Plaintiffs subsequently commenced separate actions under Insurance Law § 3420 (a) (2) against defendant claiming that defendant was responsible for coverage up to the maximum amount allowable per occurrence under the policy issued to the insureds. Following joinder of issue and consolidation of the three actions, defendant moved for summary judgment on the basis that coverage was properly disclaimed under the business pursuits exclusion and that the nonbusiness exception thereto was inapplicable. Plaintiffs also separately moved for summary judgment. In a March 2017 order, Supreme Court denied defendant's motion and granted plaintiffs' separate motions. Supreme Court reasoned that there were two causes of decedents' deaths, one of which fell within the exception to the business pursuits exclusion and one of which did not and, therefore, such exclusion did not apply to bar coverage. Defendant appeals.

An injured party may sue the tortfeasor's insurer where such injured party obtained a judgment against the tortfeasor, the judgment was served upon the insurer with notice of entry and the judgment was not satisfied within 30 days after service thereof (see Insurance Law § 3420 [a] [2]; Lang v Hanover Ins. Co., 3 NY3d 350, 354 [2004]). The parties here do not dispute that these conditions have been met.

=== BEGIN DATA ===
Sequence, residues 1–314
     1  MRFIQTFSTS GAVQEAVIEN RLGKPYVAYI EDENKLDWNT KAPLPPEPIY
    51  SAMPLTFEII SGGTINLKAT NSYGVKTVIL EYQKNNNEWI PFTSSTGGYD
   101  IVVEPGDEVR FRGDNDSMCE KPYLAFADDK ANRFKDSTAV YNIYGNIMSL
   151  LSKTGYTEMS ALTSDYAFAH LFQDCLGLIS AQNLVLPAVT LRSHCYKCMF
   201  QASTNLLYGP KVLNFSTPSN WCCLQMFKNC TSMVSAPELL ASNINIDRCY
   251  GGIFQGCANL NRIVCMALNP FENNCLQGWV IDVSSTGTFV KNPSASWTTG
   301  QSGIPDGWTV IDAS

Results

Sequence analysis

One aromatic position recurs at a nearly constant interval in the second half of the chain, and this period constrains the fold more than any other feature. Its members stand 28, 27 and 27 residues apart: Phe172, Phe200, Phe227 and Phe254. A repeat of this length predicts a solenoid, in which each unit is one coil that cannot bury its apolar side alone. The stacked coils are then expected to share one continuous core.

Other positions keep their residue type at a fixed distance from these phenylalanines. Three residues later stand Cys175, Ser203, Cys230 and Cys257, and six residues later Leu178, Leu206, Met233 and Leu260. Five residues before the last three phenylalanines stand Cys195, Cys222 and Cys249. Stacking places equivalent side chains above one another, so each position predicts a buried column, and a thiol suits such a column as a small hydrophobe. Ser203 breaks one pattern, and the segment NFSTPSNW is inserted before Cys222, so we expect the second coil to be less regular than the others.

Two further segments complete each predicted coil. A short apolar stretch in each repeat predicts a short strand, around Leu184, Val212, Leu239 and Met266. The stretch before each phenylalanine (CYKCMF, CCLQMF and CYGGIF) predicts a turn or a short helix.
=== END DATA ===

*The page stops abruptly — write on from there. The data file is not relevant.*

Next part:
We also note that the insureds' liability to plaintiffs is not in question. Their ultimate liability, however, does not resolve whether defendant must pay for such liability under the policy (see Mount Vernon Fire Ins. Co. v Creative Hous., 88 NY2d 347, 352 [1996]). Rather, defendant's duty to indemnify the insureds must be determined by the actual basis of the insureds' liability to plaintiffs (see Servidone Constr. Corp. v Security Ins. Co. of Hartford, 64 NY2d 419, 424 [1985]; Robbins v Michigan Millers Mut. Ins. Co., 236 AD2d 769, 770-771 [1997]; Ingber v Home Ins. Co., 140 AD2d 750, 751 [1988]). Although defendant may not now go behind the default judgments entered against the insureds and raise defenses to plaintiffs' underlying claims (see Lang v Hanover Ins. Co., 3 NY3d at 356; Matychak v Security Mut. Ins. Co., 181 AD2d 957, 958-959 [1992], lv denied 80 NY2d 758 [1992]), defendant is entitled to dispute the existence of coverage under the policy and assert defenses thereto in this action (see Dreyer v New York Cent. Mut. Fire Ins. Co., 106 AD3d 685, 688 [2013]; Robbins v Michigan Millers Mut. Ins. Co., 236 AD2d at 771)[FN1]. Accordingly, what is disputed is whether plaintiffs' respective losses are covered losses under the insurance policy issued by defendant to the insureds.